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Charter schools have been promoted as an equitable and innovative solution to the problems plaguing urban schools.
Advocates claim that charter schools benefit working-class students of color by offering them access to a "portfolio" of school choices.
In Charter Schools, Race, and Urban Space, Kristen Buras presents a very different account.
Her case study of New Orleans-where veteran teachers were fired en masse and the nation's first all-charter school district was developed-shows that such reform is less about the needs of racially oppressed communities and more about the production of an urban space economy in which white entrepreneurs capitalize on black children and neighborhoods.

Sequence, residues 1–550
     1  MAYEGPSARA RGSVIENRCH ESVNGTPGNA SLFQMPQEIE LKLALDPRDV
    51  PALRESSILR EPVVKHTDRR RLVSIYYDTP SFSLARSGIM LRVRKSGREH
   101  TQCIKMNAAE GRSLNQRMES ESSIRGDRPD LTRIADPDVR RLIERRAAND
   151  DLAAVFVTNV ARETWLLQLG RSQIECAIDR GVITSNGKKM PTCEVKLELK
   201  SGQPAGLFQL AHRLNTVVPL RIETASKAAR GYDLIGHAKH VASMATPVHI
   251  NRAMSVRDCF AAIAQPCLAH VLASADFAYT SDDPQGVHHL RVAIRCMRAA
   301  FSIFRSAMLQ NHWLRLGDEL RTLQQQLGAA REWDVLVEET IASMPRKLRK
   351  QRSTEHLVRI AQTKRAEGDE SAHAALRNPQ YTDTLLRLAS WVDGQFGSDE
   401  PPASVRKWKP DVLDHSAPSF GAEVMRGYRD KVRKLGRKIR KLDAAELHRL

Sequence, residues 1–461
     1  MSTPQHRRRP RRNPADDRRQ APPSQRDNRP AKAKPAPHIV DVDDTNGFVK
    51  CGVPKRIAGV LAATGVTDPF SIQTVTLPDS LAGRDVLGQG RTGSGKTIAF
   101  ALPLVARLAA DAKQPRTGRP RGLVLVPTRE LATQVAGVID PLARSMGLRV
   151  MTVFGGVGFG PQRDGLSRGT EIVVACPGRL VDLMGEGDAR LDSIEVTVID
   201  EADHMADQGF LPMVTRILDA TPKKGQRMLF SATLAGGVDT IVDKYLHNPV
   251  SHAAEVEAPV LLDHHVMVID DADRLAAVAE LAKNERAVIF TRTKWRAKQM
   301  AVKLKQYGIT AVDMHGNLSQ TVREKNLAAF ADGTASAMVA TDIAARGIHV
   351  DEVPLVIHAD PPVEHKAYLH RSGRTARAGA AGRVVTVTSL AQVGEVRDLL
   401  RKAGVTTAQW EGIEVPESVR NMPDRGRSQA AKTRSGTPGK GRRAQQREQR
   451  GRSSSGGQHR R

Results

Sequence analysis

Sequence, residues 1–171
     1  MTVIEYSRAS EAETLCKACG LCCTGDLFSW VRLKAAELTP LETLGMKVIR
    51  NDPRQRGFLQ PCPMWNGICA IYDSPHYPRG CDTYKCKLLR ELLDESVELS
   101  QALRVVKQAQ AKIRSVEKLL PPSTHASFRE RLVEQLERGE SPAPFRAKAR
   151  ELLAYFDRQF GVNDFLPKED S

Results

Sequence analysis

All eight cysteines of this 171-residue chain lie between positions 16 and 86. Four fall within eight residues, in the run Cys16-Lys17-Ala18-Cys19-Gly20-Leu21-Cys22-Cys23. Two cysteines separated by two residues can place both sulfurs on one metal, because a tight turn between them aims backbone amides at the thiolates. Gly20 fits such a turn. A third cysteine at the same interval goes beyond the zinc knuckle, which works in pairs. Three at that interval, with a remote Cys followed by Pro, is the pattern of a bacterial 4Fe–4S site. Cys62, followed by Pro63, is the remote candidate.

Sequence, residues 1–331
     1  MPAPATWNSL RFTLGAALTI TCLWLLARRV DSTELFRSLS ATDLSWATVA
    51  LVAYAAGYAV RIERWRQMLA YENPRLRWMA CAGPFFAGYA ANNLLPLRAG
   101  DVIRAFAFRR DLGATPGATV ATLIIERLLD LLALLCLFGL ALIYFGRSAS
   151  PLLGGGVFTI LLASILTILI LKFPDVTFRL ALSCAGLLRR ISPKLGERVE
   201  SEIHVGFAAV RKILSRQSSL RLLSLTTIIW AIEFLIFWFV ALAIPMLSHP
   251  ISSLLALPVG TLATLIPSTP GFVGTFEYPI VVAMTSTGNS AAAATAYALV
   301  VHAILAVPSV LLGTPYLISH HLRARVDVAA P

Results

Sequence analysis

In this revealing book, Buras draws on critical theories of race, political economy, and space, as well as a decade of research on the ground to expose the criminal dispossession of black teachers and students who have contributed to New Orleans' culture and history.
Mapping federal, state, and local policy networks, she shows how the city's landscape has been reshaped by a strategic venture to privatize public education.
She likewise chronicles grassroots efforts to defend historic schools and neighborhoods against this assault, revealing a commitment to equity and place and articulating a vision of change that is sure to inspire heated debate among communities nationwide.
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